I have just looked at NS&I's website and found that Index-Linked Savings Certificates (and some other products) are no longer on sale. I've spoken to a rep and she confirms that they've been withdrawn as of today (19 July 2010). NS&I cite the extreme popularity of the products, evidenced in unexpectedly high sales volumes that have led to the Treasury's sales targets being fulfilled.
This product was introduced at the beginning of the high inflation in the 1970s. The point of it is to preserve the value of your hard-earned savings against the surreptitious theft of devaluation.
As I pointed out last month, anyone invested in it for the 12 months ending in May would have an effective 6.5% tax-free gain, 100% securely. Find that on the High Street.
This is a government that was going to sort out the system for the benefit of the citizens. It's started with a big fat failure. If my hunch about future inflation is correct, you are about to be stuffed by the financial system.
Protest! You can call 0500 007 007 and ask to make a complaint. They'll take brief details, give you a complaints reference number and have a member of their complaints team contact you.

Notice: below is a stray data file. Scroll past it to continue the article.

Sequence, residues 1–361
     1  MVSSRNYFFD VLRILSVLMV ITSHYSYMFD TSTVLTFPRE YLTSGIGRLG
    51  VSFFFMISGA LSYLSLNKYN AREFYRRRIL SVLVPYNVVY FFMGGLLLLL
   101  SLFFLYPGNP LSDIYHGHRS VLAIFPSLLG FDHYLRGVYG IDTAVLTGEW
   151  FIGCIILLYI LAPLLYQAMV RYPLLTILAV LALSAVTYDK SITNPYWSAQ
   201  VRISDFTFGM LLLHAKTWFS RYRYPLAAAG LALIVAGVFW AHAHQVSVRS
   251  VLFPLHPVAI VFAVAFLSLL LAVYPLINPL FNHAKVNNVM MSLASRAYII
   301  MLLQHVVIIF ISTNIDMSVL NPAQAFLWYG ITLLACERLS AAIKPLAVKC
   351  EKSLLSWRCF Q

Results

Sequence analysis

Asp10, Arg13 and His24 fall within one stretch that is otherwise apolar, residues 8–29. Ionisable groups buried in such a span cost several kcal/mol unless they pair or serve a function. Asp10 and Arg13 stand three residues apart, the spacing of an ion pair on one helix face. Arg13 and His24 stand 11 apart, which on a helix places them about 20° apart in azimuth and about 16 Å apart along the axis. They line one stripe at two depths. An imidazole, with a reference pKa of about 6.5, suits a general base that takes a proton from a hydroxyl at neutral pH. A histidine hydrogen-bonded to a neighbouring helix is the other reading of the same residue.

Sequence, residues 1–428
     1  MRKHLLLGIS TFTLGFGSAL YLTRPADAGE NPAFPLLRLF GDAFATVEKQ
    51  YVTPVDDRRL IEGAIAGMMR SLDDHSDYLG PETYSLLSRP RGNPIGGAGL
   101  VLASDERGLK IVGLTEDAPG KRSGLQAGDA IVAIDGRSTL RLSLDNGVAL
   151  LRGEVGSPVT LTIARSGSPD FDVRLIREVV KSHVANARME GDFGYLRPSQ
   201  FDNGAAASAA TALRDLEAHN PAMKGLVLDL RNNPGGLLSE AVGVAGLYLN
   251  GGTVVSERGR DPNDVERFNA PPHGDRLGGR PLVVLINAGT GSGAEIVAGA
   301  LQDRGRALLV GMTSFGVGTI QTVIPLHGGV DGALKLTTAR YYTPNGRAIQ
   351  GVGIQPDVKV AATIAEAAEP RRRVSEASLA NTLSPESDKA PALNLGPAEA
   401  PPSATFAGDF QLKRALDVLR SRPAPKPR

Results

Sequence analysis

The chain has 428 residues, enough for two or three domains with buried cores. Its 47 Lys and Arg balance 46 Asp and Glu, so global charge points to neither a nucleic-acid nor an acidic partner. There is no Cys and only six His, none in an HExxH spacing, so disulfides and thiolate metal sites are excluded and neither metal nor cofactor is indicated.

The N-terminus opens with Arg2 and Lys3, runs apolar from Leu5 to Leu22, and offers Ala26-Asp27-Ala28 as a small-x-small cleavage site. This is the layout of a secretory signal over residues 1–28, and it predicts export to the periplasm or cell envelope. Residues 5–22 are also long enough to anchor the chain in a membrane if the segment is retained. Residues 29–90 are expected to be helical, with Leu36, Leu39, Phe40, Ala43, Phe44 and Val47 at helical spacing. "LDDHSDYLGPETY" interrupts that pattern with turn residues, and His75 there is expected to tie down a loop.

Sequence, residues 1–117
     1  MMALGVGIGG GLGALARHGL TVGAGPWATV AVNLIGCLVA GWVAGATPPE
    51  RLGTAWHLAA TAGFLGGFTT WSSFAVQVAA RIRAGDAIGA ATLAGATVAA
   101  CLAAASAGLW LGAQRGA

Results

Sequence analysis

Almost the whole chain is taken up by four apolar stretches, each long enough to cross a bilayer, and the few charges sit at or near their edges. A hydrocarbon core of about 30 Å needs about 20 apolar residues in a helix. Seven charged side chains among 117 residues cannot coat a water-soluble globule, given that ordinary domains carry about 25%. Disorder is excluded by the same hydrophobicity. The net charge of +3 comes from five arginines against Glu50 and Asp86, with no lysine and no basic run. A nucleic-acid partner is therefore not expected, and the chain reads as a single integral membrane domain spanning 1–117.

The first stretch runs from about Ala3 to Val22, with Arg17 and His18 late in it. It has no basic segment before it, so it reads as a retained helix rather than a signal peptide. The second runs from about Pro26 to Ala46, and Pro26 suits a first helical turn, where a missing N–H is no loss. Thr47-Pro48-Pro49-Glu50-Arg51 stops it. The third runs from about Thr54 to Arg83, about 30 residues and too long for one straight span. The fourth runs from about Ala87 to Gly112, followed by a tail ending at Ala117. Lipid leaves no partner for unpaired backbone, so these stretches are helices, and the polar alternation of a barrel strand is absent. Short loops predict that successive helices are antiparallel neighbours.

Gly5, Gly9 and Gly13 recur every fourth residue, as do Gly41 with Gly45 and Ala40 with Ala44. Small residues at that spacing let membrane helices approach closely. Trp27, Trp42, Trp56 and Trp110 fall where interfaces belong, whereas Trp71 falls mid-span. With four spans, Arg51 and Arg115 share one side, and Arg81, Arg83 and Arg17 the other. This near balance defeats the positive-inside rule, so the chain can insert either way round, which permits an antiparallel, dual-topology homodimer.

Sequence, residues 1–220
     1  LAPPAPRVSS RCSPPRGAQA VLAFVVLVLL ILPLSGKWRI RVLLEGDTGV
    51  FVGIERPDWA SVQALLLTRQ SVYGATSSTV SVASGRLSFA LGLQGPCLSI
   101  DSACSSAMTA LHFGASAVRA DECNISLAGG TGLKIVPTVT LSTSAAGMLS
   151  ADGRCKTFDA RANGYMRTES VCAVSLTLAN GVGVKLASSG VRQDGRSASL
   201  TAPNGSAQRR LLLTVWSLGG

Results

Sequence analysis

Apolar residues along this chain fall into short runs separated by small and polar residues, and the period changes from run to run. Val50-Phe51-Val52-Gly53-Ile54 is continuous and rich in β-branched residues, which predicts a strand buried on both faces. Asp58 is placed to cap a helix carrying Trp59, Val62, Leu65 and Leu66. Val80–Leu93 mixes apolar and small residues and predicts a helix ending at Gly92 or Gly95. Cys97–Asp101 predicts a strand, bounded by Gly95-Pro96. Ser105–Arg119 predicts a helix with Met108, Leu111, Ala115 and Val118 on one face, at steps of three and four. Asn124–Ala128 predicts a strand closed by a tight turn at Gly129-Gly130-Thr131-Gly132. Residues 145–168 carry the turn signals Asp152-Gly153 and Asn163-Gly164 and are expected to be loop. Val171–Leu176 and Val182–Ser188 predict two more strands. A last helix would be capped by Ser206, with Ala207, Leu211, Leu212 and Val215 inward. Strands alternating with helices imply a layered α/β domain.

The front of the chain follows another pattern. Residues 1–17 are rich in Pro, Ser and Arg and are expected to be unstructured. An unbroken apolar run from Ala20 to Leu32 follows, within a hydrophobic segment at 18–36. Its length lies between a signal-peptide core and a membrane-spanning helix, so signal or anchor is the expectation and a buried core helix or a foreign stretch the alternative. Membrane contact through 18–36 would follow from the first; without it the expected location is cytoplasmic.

Please pass this on. Know anyone in the news industry?
UPDATE (3 p.m.): BBC News has caught up with this story:
"Building societies are likely to welcome the move as it removes a strand of competition from the market... NS&I, which is backed by the government, works under rules that state that it must not dominate the savings and investments market." So when artificially low interest rates rob the saver, the government must follow suit.
"It has withdrawn both products from the market for new customers and has not set a date for when they might be offered again." I can't remember when this last happened - if it ever did.
FURTHER UPDATE (Weds 8 a.m.): Indeed this hasn't happened before, as The Guardian reports. Hit quote: "Rival banks and building societies have lobbied intensively to make sure the rates offered by NS&I and other government-owned banks are not so competitive that they restrict the flow of funds into other banks."
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